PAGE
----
In An Inspector Calls what is the Inspector referring to when he talks about "fire and blood and anguish"? What does he mean?

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The Inspector's words are not just aimed at the Birlings; they're also aimed at the audience and, even more generally, at humanity as a whole. In keeping with Priestley's socialistic message, the Inspector is enjoining everyone to take collective responsibility for what happens in society, especially to its weaker members,...

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The Inspector's words are not just aimed at the Birlings; they're also aimed at the audience and, even more generally, at humanity as a whole. In keeping with Priestley's socialistic message, the Inspector is enjoining everyone to take collective responsibility for what happens in society, especially to its weaker members, as symbolized in the play by Eva Smith.

If the Inspector's solemn warning isn't heeded, however, then the consequences will potentially be catastrophic. "Fire, blood, and anguish" are precisely what we would expect to encounter in a war. The play itself is set not long before the outbreak of World War I and was written and performed in the aftermath of World War II. Priestley uses the Inspector's warning to remind us of what can happen if society's numerous tensions and inequalities aren't properly addressed. They can lead not just to the horrors of worldwide conflict but also to violent revolution, such as which happened in Russia in 1917.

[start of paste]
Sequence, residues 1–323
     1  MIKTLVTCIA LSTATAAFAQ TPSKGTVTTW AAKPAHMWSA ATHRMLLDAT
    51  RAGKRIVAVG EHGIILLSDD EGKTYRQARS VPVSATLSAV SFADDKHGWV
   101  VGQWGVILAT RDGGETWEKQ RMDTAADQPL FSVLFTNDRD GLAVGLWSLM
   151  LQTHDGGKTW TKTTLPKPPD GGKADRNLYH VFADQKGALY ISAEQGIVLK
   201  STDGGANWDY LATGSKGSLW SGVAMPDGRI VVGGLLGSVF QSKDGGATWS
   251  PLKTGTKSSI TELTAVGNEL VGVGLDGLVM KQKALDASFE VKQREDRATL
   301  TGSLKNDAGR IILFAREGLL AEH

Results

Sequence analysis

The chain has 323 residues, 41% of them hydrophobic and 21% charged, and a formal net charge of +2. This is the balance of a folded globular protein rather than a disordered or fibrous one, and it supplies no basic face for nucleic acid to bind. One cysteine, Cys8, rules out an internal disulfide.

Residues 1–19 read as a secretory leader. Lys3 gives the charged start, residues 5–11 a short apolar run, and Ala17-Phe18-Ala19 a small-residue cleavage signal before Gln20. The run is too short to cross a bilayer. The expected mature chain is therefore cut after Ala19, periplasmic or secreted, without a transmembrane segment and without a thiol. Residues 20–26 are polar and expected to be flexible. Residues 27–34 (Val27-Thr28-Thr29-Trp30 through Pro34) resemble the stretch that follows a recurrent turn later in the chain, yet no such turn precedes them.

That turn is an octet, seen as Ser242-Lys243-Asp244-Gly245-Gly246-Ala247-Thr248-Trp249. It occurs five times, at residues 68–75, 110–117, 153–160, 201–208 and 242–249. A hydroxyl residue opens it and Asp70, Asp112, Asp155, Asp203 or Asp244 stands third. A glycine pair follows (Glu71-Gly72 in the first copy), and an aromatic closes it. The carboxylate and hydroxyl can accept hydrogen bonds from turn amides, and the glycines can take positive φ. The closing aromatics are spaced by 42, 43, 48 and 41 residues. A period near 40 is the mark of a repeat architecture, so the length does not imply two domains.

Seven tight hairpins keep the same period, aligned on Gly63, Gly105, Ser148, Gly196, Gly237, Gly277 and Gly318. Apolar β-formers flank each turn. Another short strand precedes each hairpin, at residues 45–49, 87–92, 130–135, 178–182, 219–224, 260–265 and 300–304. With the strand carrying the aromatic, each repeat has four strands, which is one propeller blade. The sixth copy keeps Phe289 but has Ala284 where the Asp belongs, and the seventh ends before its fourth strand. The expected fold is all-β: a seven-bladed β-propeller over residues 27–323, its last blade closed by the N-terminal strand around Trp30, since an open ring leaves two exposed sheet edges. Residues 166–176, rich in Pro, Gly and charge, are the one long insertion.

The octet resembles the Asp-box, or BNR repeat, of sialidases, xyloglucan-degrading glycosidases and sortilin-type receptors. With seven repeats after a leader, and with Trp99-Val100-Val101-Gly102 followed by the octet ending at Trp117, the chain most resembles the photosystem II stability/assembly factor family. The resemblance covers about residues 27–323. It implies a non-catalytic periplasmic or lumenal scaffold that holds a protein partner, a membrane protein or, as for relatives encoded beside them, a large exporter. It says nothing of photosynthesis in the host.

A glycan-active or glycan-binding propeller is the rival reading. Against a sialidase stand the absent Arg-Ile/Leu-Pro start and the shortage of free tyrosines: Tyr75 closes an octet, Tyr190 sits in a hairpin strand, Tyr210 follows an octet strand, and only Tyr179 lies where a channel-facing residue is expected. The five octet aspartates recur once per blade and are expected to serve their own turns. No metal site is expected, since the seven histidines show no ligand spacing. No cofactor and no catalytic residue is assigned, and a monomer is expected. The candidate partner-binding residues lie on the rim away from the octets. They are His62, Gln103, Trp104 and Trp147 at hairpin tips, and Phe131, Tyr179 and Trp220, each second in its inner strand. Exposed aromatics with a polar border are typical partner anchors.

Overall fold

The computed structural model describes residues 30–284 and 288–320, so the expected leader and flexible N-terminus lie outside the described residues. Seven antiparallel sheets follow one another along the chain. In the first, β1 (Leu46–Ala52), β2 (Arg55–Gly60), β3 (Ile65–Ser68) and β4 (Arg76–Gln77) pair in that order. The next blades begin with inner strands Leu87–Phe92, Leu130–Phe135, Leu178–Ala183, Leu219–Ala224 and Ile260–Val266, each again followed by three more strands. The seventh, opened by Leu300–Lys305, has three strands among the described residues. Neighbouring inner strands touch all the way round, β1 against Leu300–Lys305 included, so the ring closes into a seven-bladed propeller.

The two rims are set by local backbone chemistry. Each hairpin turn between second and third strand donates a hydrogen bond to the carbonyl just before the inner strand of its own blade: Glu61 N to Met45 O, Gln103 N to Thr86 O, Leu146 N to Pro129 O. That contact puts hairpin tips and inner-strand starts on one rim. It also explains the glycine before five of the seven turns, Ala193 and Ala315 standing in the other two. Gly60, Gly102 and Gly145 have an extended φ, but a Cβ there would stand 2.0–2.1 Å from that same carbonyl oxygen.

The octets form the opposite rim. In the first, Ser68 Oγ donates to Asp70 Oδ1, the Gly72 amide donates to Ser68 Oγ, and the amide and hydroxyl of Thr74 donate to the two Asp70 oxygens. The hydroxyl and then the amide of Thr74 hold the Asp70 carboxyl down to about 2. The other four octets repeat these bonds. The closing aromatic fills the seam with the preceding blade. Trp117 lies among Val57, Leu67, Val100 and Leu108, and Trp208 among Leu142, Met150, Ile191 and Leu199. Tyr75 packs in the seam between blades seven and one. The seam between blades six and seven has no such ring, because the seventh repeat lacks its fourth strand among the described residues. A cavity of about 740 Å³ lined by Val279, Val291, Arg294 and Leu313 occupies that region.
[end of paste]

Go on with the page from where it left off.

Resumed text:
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The triplet 'fire and blood and anguish' are the Inspector's final words before saying 'Goodnight'. They are part of a speech in the style of a sermon, his final attempt to get all the Birlings to accept the lesson that, 'We don't live alone. We are members of one body. We are responsible for each other.' The upper class Birlings have not observed this lesson in their dealings with the working class Eva Smith; they have not acted responsibly to their fellow human being, for example making her redundant or denying her financial aid without any concern for her future.

The conclusion of this sermon is 'if men will not learn that lesson, then they will be taught it in fire and blood and anguish'. This is a reference to War for two reasons: firstly, because the individual words of the triplet make us think of hell, bloodshed and sorrow for loss of life which together define War. 

The second reason is to do with Time. The play is set in 1912 with Mr Birlings complacently of the opinion that there is no possibility of war.The First World War broke out in 1914. Also the play was first performed in 1946 just after World War 2 had finished. Priestley is telling the audience they mustn't be complacent: there will always be wars until we learn to live together as one.

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